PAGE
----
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‘We must do more’ to regulate vaping, FDA Commissioner says

Food and Drug Administration (FDA) Commissioner Ned Sharpless admitted the agency ‘must do more’ to stop the deaths and teen addictions linked to vaping in his testimony before Congress Wednesday. 

Eleven people in the US have died of lung illnesses linked to vaping and the FDA is investigating 1,000 possible cases of similar respiratory damage. 

Sharplesss said that the FDA will not ‘ban’ flavored e-cigs – but will soon finalize rules to force companies to take these products off the market until they’ve gone through and been green-lighted by the FDA’s pre-market approval process. 

He added that, while most of the lung injuries are linked to THC vapes, health officials have not identified a single consistent cause between them. 

FDA Commissioner Ned Sharpless promised Thursday that the FDA will ‘soon’ force flavored e-cigarettes off the market temporarily until they can get the agency’s approval  

One death has been reported in each Illinois, Indiana, Minnesota, Missouri, Oregon, Georgia and Florida, and two people have died in California and Kansas each. 

The Centers for Disease Control and Prevention (CDC) have confirmed 530 cases of severe pneumonia-like illness traced to e-cigarette use, and is investigating some 1,000 possible cases. 

 CDC Deputy Director Ann Schuchat said there will ‘probably be hundreds’ more cases. 

Working with the Drug Enforcement Agency (DEA), the FDA is trying to trace the vapes that have made people sick to their sources and intend to press criminal charges against their makers – but not against users. 

‘FDA is not pursuing any actions associated with personal use of any vaping products, our interest is in the suppliers,’ said Sharpless. 

Two more people have died from a severe lung illness linked to vaping, bringing the total number of deaths in the U.S. to 11. The 10th victim was in Georgia and the 11th was in Florida

Two more people have died from a severe lung illness linked to vaping, bringing the total number of deaths in the U.S. to 11. The 10th victim was in Georgia and the 11th was in Florida

‘But to be clear, if we determine that someone is manufacturing or distributing illicit, adulterated vaping products that caused illness and death for personal profit, we would consider that to be a criminal act.’ 

This week, a major bust was made by local law enforha cement in Minnesota. 

Police and health officials there seized some 77,000 illegal vape cartridges that contained THC – the psychoactive ingredient in cannabis – a haul worth an estimated $3.8 million.  

Commissioner Sharpless said the second prong of the FDA’s coming enforcement actions will be to try to stem the so-called ‘teen vaping epidemic.’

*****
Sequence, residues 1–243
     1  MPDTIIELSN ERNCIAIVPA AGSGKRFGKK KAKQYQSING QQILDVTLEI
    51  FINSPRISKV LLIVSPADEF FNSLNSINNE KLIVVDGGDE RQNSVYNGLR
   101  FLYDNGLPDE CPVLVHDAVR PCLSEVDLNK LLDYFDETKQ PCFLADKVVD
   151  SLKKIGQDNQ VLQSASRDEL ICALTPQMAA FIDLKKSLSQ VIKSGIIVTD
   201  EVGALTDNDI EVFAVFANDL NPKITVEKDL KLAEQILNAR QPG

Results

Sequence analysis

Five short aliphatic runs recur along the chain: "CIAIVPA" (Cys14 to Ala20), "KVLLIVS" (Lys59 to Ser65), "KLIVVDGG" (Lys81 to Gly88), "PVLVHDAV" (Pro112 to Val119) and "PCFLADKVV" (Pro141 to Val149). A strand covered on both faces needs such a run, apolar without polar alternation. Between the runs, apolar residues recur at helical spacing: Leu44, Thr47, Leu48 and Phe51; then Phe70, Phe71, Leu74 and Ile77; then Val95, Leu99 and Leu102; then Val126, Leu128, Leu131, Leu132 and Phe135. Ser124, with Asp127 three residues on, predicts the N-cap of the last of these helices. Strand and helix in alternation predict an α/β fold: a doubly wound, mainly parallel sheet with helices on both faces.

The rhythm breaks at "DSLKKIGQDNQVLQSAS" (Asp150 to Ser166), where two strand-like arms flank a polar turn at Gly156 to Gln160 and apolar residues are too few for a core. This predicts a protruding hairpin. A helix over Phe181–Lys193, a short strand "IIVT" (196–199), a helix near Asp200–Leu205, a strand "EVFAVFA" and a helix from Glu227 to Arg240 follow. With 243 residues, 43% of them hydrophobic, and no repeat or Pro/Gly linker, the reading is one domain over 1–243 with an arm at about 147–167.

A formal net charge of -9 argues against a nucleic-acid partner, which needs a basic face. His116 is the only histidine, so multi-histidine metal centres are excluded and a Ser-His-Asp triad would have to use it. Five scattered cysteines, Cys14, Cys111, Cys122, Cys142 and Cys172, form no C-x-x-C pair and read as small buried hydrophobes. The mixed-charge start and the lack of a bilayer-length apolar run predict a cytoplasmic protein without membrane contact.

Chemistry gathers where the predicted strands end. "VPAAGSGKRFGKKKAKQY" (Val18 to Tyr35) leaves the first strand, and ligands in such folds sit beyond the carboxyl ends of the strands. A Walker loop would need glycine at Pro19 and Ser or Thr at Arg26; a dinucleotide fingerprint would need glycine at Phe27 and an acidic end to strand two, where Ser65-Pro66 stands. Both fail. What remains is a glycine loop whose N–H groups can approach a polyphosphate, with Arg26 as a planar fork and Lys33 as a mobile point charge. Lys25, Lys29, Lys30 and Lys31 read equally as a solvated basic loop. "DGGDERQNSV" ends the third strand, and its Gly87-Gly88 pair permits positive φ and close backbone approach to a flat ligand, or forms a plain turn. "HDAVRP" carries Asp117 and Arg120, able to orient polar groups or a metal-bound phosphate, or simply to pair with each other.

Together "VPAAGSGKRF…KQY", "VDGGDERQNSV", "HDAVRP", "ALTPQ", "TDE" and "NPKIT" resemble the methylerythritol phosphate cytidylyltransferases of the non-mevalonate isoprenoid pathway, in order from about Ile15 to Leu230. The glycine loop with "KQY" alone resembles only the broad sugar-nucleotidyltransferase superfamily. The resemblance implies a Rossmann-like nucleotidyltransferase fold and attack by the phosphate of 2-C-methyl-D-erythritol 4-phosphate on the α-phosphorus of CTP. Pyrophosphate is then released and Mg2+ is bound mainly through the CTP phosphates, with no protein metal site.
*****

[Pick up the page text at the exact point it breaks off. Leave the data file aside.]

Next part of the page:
Some one in four high school students have used e-cigarettes in the past month, according to the CDC’s latest figures. 

The most popular flavors among under age users are fruity, mint and menthol ones, and companies like Juul Labs are facing investigations into whether their sweet flavored vapes were intentionally marketed to children and teens. 

A huge stash of nearly 77,000 illegal THC vapes in colorful packaging branded 'Dank Vapes' (pictured) was confiscated in Minnesota Monday by law enforcement officials as US health officials warned bootleg e-cigs may be to blame for hundreds of lung illnesses

A huge stash of nearly 77,000 illegal THC vapes in colorful packaging branded ‘Dank Vapes’ (pictured) was confiscated in Minnesota Monday by law enforcement officials as US health officials warned bootleg e-cigs may be to blame for hundreds of lung illnesses 

Michigan and New York have temporarily banned flavored e-cigarettes and Massachusetts has halted the sale of all e-cigarettes for the next four months. Illinois is currently legislating a flavored e-cig ban. 

Sharpless was careful to clarify that the FDA soon-to-come enforcement actions, which have been backed by President Trump, will not constitute a ban on flavored e-cigarettes. 

‘Rather, FDA intends to enforce existing law that limits the marketing of such products,’ he said. 

‘This policy would not mean that flavored e-cigarettes could never be marketed. 

‘If a company can show through an application to FDA that a specific product meets the standard set forth by Congress, then the FDA would authorize that [e-cigarette] product for sale.’ 

But until then, the FDA will expect e-cigarette companies to pull their products from shelves. 

Sharpless said that it is the ‘FDA’s intention to soon finalize a compliance policy related to flavored [e-cigarettes],’ but did specify when ‘soon’ might be.  

Read more at DailyMail.co.uk


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